Maybe if this blog was called Breakfast with Julie (or Breakfast at Julie’s? like Tiffany’s?) I could write in the morning, when most of my synapses are still (more or less) firing, and rarely would it be after midnight, in my new pink fleece pajamas after a big meal and a glass of 10 year old tawny port.
Dinner tonight was at Ferreira – to be honest I didn’t much need dinner after drinking a cup (and the second half of Sue’s) of molten chocolate at Suite 88 chocolate lounge this afternoon just as it was getting dark. We found the chocolate recommendation on Chowhound and made our pilgrimage late in the day, finding it a little further away and a little more uphill than could be detected on the map. By the time we got there we were both cold and out of jam, which should have by all accounts intensified our chocolate eating pleasure. We bought one of each of the truffles for our efforts but only got through three – the only reaction any of them triggered was something along the lines of – meh. We packed up the rest to send home with Sue.
But the real hot chocolate. You know I’m a fan. This did not disappoint. It almost required an ambulance, but damn was it tasty; dark and intense but not too sweet nor bitter, with the smooth, velvety texture of a custard sauce. But chocolate. All I could think was: this must be what the chocolate river tasted like in Willie Wonka`s factory; this is exactly as I imagined it would taste as a kid, reading about Charlie scooping out a mugful of warm, frothy liquid. Lucky, lucky Charlie. After walking most of the way back to the hotel, I was still having heart palpitations and needed a lie down.
Dinner was more about diffusing all that chocolate and maximizing our Montreal eating time (We naively thought we could get into Au Pied du Cochon by calling for a reservation this afternoon. Not.) than it was about actual hunger. We ended up at Ferriera as a result of stumbling into Cafe Vasco da Gama for breakfast this morning and meeting the owner`s brother, George. (Whose brother owns both.) Every little thing at Cafe Vasco was outstanding. We wanted to hang out all day and watch the chefs slide oiled and herbed chunks of sweet potato in and out of the oven, and serve up marinated olives and grainy, beany salads. We shared a cheesy omelet with Spanish chorizo and fresh fruit, a bowl of fresh berries, a raspberry Danish and a wee Portuguese custard tart with cappuccino.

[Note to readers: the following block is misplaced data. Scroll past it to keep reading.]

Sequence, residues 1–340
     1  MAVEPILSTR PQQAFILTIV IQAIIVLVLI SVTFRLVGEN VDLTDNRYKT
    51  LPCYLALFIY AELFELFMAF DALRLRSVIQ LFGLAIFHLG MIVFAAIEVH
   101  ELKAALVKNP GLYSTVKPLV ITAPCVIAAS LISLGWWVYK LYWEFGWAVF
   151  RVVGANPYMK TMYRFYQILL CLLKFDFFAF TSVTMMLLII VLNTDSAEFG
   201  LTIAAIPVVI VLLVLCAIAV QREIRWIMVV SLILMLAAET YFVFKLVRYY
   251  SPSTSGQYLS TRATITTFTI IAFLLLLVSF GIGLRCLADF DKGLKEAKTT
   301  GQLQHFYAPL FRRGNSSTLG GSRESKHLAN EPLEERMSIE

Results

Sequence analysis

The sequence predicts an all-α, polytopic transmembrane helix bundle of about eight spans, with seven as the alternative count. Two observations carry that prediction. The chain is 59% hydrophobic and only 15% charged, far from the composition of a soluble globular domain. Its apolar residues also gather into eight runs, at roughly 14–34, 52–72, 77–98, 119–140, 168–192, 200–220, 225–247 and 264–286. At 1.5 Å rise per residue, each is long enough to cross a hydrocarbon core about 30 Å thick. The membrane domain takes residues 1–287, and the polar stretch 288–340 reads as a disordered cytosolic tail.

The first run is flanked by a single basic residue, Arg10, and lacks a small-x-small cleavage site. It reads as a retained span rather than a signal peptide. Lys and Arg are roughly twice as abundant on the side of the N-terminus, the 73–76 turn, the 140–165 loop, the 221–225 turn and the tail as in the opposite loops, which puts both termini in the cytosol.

We would have happily eaten dinner there as well, but it was closed and besides, George had already tipped us off about his brother`s wonderful Portuguese restaurant, which was a few doors down. Really, our bread basket with olive oil and two entrées (a word used in its proper context here – referring to an appetizer, not a main course) would have sufficed. It’s unfortunate that you tend to order right away, when you’re hungry, rather than after having a few nibbles and coming to your senses, at which point we might have realized there was no need for a gigantic bowl of Bouillabaisse de poissons et fruits de mer en cataplana as well as Sue’s salted cod special. The highlight of the meal by far was the Salade gourmande de homard et foie gras au torchon (lobster and “foie gras au torchon” salad with a main sail claw of lobster meat, a melting slab of foie gras, baby potatoes, the slenderest green beans, grape tomatoes, frisee and some sort of magical vinaigrette); a close second were the “Fleur de sel” roasted sardines with olive tapenade. The bouillabaisse was quite fantastic too, although by then I wasn’t hungry anymore.
I didn’t find any suitably French cookies today either – I was hoping to stumble upon some delicate macaroon sandwiches, but we didn’t go into as many patisseries as planned. Tomorrow, in our mad rush to see as many old churches as possible before noon when we have to catch a cab to the airport. I have the recipe for Stroopwafels ready to type out, but for some reason my computer won`t upload the photo, and you really need a photo. (The internet connection is very weak, which must be what`s slowing this whole process down and why I can only upload a few photos.)
I`m sorry to once again pawn you off on another blog`s cookie, but these really are well worth discovering. In keeping with the French theme I direct you to Chocolate and Zucchini and her Squeeze Cookies (A Roasted Flour Experiment). Roasted flour is something I`ve been hearing quite a bit lately – the idea is that you toast your flour, much like you`d toast nuts or seeds or oatmeal to boost its flavour. I used to brown my flour in a skillet when making gravy to boost its colour; in this recipe cookies make use of roasted flour to give them a whole new dimension. Because roasting affects the gluten and thus the texture of your baking, these are sandy sables (which don`t rely on gluten for their texture) made with fleur de sel (another selling point). But the best part: wads of dough are squeezed in your hand and then baked like that. (Seriously, check out the photo.) This is about as anti-rolled-and-cut-and-decorated-with-royal-icing-and-fancy-dragees as you can get. Take that, Martha.